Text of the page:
By Angela Busch
Naples Daily News
There’s no doubt the Florida Everblades have taken their share of gripes about being the team that wins in the regular season, but can’t finish in the postseason.
A team such as the Buffalo Bills of the early ’90s comes to mind when looking at the Blades’ playoff statistics in their nine-year history. Florida has made the playoffs each of those nine years — and won the Brabham Cup as the regular-season points leader in one of them — and has advanced to the Kelly Cup Finals twice, losing both times.
Not too shabby.
But for this team and its fans, something is missing. The Blades can probably relate to how John Elway must have felt in three failed Super Bowl attempts and a successful career, before winning back-to-back Super Bowls in 1997 and ’98.
Nothing like a championship to really validate a player, or a franchise.
Now, the Blades find themselves again struggling to shed their image as regular season wonder, postseason flop. Florida trails the Dayton Bombers 3-2 in the American Conference Finals best-of-seven series, just one step away from the Kelly Cup Finals.
A could-be decisive Game 6 is Thursday night at 7:30 at Germain Arena, the site of nine past decisive playoff games for the Blades. If they win, and then win again at Germain Arena on Friday night at 7:30, the Blades would advance to play Idaho in the Kelly Cup Finals. Idaho beat Alaska four games to one in the National Conference Finals.
“Nobody wants to have that image,” forward Dustin Johner (pictured) said of the Blades’ reputation as a great regular season team that can’t win the championship. “We want to show that we can put it all together these last two games and go on to win a Kelly Cup.”
Of course, the Blades would have to shake off a substantial amount of history to come back and win this series, starting with a win Thursday night. Florida is 4-5 in decisive playoff games at Germain Arena, with two wins coming in 2004, when the Blades beat Roanoke in the quarterfinals with a 3-2 double-overtime win in Game 4, and went on to beat Reading 3-2 in Game 5 of the Eastern Conference Finals.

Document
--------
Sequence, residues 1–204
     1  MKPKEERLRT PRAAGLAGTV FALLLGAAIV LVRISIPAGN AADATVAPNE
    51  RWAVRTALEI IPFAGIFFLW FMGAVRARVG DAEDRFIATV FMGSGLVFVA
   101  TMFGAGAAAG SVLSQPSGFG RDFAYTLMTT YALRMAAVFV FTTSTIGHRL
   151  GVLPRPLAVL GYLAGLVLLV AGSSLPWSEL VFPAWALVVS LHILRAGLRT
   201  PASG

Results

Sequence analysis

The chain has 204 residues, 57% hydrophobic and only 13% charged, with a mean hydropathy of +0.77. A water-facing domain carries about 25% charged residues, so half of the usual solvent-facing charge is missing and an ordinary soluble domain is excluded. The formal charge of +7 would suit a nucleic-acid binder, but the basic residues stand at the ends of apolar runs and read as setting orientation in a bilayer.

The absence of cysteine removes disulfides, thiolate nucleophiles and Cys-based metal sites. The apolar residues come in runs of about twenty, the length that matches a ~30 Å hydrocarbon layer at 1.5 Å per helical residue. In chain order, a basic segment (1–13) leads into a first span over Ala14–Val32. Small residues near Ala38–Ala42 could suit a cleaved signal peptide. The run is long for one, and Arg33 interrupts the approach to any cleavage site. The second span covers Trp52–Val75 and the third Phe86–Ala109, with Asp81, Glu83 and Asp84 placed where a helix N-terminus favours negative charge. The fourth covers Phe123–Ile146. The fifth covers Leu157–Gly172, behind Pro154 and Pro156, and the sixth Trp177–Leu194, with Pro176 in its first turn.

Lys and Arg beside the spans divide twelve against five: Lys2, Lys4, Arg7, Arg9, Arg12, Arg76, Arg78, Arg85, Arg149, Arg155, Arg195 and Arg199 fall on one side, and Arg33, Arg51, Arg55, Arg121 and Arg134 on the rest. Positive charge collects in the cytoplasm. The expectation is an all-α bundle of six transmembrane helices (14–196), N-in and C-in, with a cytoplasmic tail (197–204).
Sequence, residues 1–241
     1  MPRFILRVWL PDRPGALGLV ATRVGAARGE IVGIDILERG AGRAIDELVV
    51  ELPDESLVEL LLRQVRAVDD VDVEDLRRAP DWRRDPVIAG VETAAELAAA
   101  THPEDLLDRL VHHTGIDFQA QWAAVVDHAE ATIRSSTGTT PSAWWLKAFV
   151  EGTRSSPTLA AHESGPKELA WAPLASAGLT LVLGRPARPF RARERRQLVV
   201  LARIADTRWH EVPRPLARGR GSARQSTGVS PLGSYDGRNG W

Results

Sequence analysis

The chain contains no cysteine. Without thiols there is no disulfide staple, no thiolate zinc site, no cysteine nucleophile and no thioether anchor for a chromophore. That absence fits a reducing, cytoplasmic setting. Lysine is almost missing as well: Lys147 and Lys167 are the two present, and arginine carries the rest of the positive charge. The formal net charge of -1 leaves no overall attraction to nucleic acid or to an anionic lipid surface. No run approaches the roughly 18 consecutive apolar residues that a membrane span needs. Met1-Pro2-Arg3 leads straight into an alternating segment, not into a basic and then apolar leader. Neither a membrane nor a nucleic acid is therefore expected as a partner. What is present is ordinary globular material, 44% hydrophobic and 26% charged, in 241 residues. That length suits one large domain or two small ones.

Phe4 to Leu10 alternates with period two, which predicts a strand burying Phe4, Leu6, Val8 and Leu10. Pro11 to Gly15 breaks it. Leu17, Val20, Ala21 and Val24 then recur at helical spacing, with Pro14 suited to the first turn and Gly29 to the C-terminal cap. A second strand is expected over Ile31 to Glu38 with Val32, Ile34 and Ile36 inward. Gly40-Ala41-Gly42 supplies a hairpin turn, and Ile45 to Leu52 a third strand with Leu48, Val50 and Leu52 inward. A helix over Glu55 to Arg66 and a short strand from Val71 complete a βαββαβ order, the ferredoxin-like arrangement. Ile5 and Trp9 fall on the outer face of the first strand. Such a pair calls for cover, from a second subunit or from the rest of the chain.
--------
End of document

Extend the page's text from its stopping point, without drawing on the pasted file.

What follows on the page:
The other two wins came this season, a 4-0 Game 3 victory against Charlotte in the South Division semifinals and a memorable 4-3 overtime victory against Texas in the South Division Finals that ranks with the Reading win as one of the top Blades games of all time.
The Blades suffered season-ending playoff losses at Germain Arena in 2000, ’01, ’03, ’05 and ’06. Of course, as coach Gerry Fleming is quick to remember, those were quite different teams, with the exception of the ’06 squad. In minor league hockey, where transience is a given, it’s tough to base much on a team’s past performance.
Looking at this season’s playoff results, it seems the Blades could be turning things around when it comes to getting it done on their home ice. And surely, Germain Arena is one of the top arenas in the ECHL, and the Blades typically finish in the top three spots for average attendance, plus the venue was built for hockey. Florida doesn’t encounter the ice problems Dayton has at its Nutter Center, which Fleming called “the worst venue for hockey that I’ve ever seen in my life.”
That ice may be partially, but not completely, to blame for the Blades’ 1-2 record in Dayton, which puts them on the brink of elimination approaching Thursday night’s game. Other reasons were penalties (especially in Game 5), sluggish starts and an inability to get shots on goal.
“We know what we gotta do to win,” Johner said. “The periods where we haven’t played well and haven’t gotten shots, we haven’t been skating … we need to skate better and we’ve got to be physical, too.”
The Blades seem to know what they’re doing wrong. But they have little time, now, to make amends. Fleming and the players seem un-rattled on the surface, but Fleming has started to tinker with the lineup, switching veteran Brent McDonald to a healthy scratch and inserting Jonathan Lehun for Tuesday’s game. Fleming said to expect more lineup changes in Thursday’s game, starting with the reinsertion of McDonald, but also Lehun’s continued presence on the ice.
Whatever the lineup, whatever the particular problems Dayton presents in Thursday’s Game 6, the Blades have proved — as they have in the past — that talent-wise they are the cream of the ECHL. Whether that translates to another Kelly Cup Finals trip, and a chance to hearken Elway and the Denver Broncos of ’97 … well, that remains to be seen.